New Zealand paid tribute on Tuesday to Everest hero Sir Edmund Hillary, the first man to stand on the roof of the world, at a rare state funeral beamed live to the Himalayas where he made his name.
New Zealand Prime Minister Helen Clark was among some 600 guests inside St Mary's church along with Hillary's widow June, son Peter and daughter Sarah, and the eldest son of the Nepalese guide, who accompanied him on his epic 1953 ascent.
High-level representatives from Australia, Britain, Canada, India, Ireland and the United States also attended.
Clark told the mourners that Hillary, knighted the same year, was "the most famous New Zealander of our times."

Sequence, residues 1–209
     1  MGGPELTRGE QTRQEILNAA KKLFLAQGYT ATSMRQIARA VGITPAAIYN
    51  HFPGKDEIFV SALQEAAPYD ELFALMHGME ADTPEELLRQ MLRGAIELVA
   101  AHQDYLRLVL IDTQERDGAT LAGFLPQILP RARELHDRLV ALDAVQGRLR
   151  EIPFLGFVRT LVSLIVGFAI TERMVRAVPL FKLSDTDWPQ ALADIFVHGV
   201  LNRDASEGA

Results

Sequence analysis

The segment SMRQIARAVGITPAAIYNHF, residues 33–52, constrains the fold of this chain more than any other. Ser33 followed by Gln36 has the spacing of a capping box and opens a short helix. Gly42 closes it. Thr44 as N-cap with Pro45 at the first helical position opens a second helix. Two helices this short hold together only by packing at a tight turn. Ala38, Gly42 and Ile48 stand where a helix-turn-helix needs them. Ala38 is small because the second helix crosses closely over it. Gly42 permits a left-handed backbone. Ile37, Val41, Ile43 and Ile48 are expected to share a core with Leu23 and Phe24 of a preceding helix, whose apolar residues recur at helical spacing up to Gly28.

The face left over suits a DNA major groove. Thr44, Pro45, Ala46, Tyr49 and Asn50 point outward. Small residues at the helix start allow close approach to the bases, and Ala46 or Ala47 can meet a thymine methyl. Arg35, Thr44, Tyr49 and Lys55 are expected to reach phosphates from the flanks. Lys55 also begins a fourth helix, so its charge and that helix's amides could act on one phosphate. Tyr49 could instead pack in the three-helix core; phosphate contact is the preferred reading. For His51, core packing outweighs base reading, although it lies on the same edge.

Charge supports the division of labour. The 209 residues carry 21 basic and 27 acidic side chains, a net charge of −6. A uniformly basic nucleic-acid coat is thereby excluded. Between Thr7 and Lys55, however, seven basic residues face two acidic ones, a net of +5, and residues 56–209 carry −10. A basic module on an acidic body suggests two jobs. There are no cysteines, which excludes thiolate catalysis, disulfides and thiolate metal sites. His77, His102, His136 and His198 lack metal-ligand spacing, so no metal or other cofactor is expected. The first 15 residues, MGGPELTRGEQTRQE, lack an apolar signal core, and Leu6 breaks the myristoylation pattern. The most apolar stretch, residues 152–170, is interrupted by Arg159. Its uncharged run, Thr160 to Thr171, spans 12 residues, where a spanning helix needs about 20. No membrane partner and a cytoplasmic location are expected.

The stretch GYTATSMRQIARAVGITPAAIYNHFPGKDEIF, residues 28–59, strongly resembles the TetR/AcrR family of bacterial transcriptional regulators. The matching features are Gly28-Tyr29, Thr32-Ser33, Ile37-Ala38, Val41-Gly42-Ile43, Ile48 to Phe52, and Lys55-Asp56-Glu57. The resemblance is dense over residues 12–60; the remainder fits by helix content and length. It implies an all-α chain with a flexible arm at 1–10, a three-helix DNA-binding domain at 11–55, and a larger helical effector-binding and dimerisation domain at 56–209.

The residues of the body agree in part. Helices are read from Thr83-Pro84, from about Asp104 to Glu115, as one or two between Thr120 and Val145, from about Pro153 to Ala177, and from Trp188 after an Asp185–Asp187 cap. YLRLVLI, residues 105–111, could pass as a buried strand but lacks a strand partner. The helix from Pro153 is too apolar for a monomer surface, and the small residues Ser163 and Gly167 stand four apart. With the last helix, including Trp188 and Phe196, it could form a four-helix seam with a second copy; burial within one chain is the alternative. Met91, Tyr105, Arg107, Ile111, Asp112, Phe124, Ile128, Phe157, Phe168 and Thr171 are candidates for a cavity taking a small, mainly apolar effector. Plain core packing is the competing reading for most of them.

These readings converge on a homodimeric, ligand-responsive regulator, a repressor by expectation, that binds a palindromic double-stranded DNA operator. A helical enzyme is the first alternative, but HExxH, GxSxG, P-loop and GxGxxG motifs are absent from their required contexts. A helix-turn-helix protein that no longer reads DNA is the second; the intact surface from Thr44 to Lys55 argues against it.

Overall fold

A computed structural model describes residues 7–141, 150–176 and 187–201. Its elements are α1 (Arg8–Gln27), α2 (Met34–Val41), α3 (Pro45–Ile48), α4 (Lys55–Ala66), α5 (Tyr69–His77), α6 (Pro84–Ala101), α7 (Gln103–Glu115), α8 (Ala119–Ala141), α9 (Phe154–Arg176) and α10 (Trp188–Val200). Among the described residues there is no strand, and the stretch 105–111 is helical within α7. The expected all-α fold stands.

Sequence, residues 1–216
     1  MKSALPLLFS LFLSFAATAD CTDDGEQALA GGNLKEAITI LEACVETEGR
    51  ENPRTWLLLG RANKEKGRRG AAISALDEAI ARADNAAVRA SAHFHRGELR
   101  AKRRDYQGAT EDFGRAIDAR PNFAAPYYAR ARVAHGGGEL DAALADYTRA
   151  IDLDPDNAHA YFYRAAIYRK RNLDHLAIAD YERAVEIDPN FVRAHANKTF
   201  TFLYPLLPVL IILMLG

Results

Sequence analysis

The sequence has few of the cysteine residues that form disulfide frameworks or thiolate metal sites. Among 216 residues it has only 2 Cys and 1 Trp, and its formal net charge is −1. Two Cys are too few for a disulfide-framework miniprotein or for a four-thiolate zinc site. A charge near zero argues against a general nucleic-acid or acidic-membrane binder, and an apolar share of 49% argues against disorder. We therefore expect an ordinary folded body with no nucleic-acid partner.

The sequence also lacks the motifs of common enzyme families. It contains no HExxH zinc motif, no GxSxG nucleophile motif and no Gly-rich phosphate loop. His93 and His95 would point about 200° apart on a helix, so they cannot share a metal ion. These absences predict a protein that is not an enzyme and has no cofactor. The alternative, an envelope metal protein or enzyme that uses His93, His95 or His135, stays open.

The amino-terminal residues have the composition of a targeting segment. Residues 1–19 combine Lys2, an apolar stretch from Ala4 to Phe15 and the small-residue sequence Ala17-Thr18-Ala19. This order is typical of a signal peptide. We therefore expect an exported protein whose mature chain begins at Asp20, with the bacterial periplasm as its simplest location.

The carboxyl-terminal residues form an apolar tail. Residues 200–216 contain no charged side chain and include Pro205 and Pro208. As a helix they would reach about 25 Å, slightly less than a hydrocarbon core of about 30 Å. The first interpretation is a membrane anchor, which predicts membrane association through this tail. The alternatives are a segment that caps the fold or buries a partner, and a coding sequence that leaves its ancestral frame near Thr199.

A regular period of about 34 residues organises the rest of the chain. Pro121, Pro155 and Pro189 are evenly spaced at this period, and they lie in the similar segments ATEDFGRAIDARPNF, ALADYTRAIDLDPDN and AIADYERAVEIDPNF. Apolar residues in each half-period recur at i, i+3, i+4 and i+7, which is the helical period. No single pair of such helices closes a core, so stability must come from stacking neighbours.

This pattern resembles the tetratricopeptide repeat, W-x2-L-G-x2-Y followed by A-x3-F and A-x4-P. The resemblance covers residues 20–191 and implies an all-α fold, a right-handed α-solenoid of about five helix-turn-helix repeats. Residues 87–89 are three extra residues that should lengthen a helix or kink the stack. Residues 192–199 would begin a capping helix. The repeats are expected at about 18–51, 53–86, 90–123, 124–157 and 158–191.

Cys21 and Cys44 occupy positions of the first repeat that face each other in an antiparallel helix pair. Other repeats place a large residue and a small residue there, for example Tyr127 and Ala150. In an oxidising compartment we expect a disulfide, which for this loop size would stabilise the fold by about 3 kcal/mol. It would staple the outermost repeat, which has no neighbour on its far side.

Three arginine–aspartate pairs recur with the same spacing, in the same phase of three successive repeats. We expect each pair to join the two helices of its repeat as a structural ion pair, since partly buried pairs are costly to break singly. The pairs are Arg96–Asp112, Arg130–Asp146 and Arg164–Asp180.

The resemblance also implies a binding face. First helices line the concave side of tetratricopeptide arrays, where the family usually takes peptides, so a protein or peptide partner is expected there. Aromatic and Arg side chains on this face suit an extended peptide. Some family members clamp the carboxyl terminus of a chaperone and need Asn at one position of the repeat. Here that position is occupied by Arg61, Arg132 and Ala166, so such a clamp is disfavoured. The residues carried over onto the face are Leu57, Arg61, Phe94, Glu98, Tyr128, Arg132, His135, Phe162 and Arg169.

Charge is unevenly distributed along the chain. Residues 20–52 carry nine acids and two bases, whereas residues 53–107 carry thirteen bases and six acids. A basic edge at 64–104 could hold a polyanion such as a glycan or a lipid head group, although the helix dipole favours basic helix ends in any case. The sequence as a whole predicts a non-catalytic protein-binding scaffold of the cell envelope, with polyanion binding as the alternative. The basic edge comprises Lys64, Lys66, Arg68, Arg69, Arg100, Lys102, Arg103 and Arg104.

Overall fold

"Sir Ed described himself as a person of modest abilities," she added. "In reality he was a colossus, he was our hero.
"How privileged we were to have that living legend with us for 88 years."
At the start of the ceremony Sherpa representatives, who described Hillary as a second father, placed Buddhist mourning scarves over the coffin draped in a New Zealand flag.
Also on the coffin was the ice axe he used during the expedition.
Thousands of mourners stood outside or in Auckland's adjacent Holy Trinity Cathedral. Many more watched on huge screens set up in other parts of the city and around the country while telecasts of the funeral were beamed live around the world, including to Nepal and Antarctica.
During the service, family and friends gave moving tributes to the man, who had been the only living New Zealander depicted on the national currency.